In one of the courses, I wrote an assignment with proper footnoting, quotation, citation and had given logical/critical as well as coherent arguments. The Professor in charge asked me in front of the whole class, in front of my fellow classmates regarding the assignment, he said: 'Is it really you who has written it or someone else has written it for you?' I was taken aback. I replied, 'sir, I have written it on my own'. Yet he insisted: 'tell me the truth I will not do anything'. I replied, "sir, I have learnt footnoting and improved my writing skills and I have written the assignment on my own'. Still he did not believe me. I could not make any further argument in my support as the professor did not want to believe that it was actually written by me. So I stopped arguing with him anymore. That day I realised even perseverance and mettle come with their share of humiliation and negation.
Most of the students were 'convent' educated or from Delhi University and other reputed universities. The composition of class was such that brahmin and upper caste students were dominating. Everyone believed that, if you are fluent in English and you speak like a parrot, that makes you intelligent. The savarna students make their own ghettos, special kind of ghettos. To use Babasaheb's notion of caste formation, it was an 'enclosed class' where certain groups of students enclosed themselves while blocking others from entering their sacred Brahminical space.
This blocking of others and making of the enclosed class is a product of hypersensitivity of their own caste identity and superiority which produces others as lower and inferior beings. This blocking may not be intentional but the space is so brahminical, violent and oppressive that it will not allow others to incorporate in that space
Muthukrishnan enacting a 'Thalaivar' scene the day he died
I hardly had friends in two years of my post graduation in CHS, as experienced by Muthukrishnan. I had three-four other classmates and friends but they were not in my subject, they were in Ancient History. They were from OBC background, we used to help each other in writing our assignments, especially helped each other with English. I used to go to the centre only for my class, official work, and assignment presentations and when I had to ask something to teachers, otherwise I used to spend my time with my friends who were not from my centre. I remember few of us used to ask critical questions to the teachers for which we have faced discrimination. I was the only person who used to ask unconventional questions, most questions used to be from an Ambedkarite perspective. Except few students, almost all would be silent in the class. This silence is a kind of politics, this silence is silence of agreement of their Brahminical narrative, and this silence is a strategy to maintain good grades in the class.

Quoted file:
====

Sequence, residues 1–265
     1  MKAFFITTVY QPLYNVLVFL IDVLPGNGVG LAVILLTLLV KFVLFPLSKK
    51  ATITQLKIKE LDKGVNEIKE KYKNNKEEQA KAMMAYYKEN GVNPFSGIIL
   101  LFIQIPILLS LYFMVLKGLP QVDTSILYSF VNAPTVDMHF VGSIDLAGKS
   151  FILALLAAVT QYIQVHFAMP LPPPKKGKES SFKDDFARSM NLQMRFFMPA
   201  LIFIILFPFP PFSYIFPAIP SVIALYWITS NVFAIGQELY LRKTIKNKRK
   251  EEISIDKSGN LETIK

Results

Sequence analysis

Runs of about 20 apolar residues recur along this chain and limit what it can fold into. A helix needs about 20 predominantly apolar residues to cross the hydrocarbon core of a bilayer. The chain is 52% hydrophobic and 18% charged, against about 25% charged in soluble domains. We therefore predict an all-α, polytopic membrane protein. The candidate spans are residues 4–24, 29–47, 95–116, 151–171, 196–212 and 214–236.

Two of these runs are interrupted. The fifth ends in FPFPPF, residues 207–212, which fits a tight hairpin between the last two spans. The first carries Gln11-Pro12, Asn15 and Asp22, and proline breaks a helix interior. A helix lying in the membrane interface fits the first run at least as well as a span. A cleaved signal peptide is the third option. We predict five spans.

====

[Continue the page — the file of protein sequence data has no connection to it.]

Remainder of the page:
Muthukrishnan, lovingly known as Rajini Krish came to JNU with high aspirations and dreams of becoming a historian. He actively fought for justice in the Rohith Vemula movement. After few months of his admission in JNU, he got the Jhelum hostel where I stay. I used to call him Thalaiva, he loved to be called Thalaiva. I had warned him once, 'you have to be cautious about your CHS centre. You have to think what kind of questions you are raising in the classes. You have to be careful. This centre is very much Brahminical'. He used to tell me that 'I know these people brother, I will handle it'. Most of the time he used to spend in the centre and library in order to prove himself. To prove that he was no less than the savarnas. I relate with the pressure, alienation, exclusion and humiliation that he was undergoing at the centre. He had shared this experience with his friends. Muthukrishnan said that he was seen and treated as dead man
Jitendra Suna, M.Phil research scholar at Jawaharlal Nehru University
Babasaheb Ambedkar gave me the courage to be a storyteller of his marginalized community like Rajini Krish. Rajini Krish is no more with us to tell his stories. After coming to the Centre for Historical Studies, I started hating history. This hatred is accumulative pressure of Brahmin-Savarna professors who make me hate history. They taught me how Gandhi fought against untouchability. I ask, if Gandhi and Congress fought for democracy, fought against caste, untouchability, why I am a subhuman, an animal in 21st century in my village, in your society and in this very university?
(The speech was made at BAPSA and was originally published on roundtableindia.co.in)